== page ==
It's getting to be an all too familiar script, but nevertheless an exciting one: The Norwegian World No.1, Magnus Carlsen dominates the elite scene with a strength and flair that sets him aside from everyone else.
Just turned 21, he's already the second-highest rated player of all time continues to find additional gears to pull clear of his rivals in the world rankings.Carlsen has now gone to 2833 in the unofficial live rating list after his performance last month in winning the Tal Memorial and also now co-leading at the London Chess Classic at the the midpoint - and its now not "if" but "when" he can supplant Garry Kasparov's high of 2851.
And like last year's London Chess Classic, it's Carlsen and surprise package Luke McShane of England who are setting the pace. Both lead on 8-points from four games (using the 3-1-0 football scoring system: 3/4 in old money) going into the rest day - though McShane should really have the sole lead in the tournament, as he failed to convert his advantage over the ever-resourceful Carlsen in round two.McShane though does hold the advantage in the tiebreak scores, with two black wins to Carlsen's two white wins.
But London is London, and they won't have it all their own way going down the home stretch.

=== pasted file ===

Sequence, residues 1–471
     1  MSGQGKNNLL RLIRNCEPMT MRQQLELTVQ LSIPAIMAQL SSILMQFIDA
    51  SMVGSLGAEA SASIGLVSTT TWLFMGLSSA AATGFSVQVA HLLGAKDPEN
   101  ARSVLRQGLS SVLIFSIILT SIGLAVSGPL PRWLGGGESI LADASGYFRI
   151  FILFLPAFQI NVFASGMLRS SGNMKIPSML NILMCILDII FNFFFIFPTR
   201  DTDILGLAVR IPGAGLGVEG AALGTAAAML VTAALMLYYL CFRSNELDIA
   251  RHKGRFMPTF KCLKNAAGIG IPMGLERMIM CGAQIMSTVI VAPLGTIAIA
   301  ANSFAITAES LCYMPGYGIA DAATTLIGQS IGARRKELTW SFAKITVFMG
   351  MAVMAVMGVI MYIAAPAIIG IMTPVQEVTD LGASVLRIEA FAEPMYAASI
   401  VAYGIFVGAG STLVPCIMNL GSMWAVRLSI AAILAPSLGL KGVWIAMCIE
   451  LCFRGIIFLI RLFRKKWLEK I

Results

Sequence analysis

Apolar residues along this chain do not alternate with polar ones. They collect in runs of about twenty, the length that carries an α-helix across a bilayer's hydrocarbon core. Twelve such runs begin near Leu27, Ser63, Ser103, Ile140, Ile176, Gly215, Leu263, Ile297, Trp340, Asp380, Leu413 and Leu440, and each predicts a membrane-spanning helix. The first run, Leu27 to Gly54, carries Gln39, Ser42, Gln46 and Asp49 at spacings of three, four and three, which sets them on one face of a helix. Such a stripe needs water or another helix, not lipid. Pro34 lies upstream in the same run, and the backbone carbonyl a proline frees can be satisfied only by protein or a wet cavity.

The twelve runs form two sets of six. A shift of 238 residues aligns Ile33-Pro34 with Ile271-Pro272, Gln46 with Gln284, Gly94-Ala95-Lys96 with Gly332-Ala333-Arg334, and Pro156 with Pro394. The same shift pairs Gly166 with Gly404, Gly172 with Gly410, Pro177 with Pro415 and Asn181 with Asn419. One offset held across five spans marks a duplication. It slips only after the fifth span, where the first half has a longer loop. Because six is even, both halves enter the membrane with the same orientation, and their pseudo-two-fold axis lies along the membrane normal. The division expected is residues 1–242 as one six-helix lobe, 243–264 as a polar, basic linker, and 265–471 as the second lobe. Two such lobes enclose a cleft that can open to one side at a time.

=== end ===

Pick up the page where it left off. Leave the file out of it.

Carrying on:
And the player they have to lookout for is Hikaru Nakamura, who again is defying his critics with a roller coaster ride from the Tal Memorial to the London Chess Classic.He's bounced back at London - albeit with luck on his side - with big wins over world numbers two and three, Levon Aronian and Vishy Anand - the latter being his first won over the world champion, and the first American to beat a world champion in a tournament since Gata Kamsky over Garry Kasparov at Dortmund in 1992.
Nakamura is a wild and exciting player who lives by the sword and dies by the sword.He was lost against Anand, but one false slip from the world champion was all it took for a very cruel reversal of fortunes.To quote Nakamura in his post-game commentary before the blunder of 29 Nc4?: "Objectively it's much worse [for black] but we're human.I don't really have to find any difficult moves here.I attack and if it works, it works, if it doesn't I lose horribly and look an idiot.The onus is on Vishy to find all the right moves." You can check out all the variations of that amazing game below, in GM Suat Atalik's free-for-all-to-view Game of the Day - and to view all the other GOTDs, click HERE to join ICC today.
And all of this means we're heading for an exciting finish in London - and the ICC Chess.FM team will be here to bring to you the very best in live commentary action during the final rounds.There will also be another "Svidler Saturday" this coming weekend, with World Cup winner and six-time Russian Champion, Peter Svidler joining host Yasser Seirawan in the commentary booth.
Play gets underway at 9am ICC each round (with the final round at 7am), and the remaining Chess.FM schedule is listed below. We'll also have the daily live trivia to win prizes of one and 3 months ICC membership, plus the Game of the Day (hosted by GM Suat Atalik) trivia, where each day ICC members have the chance to win a 1-year subscription to New in Chess magazine!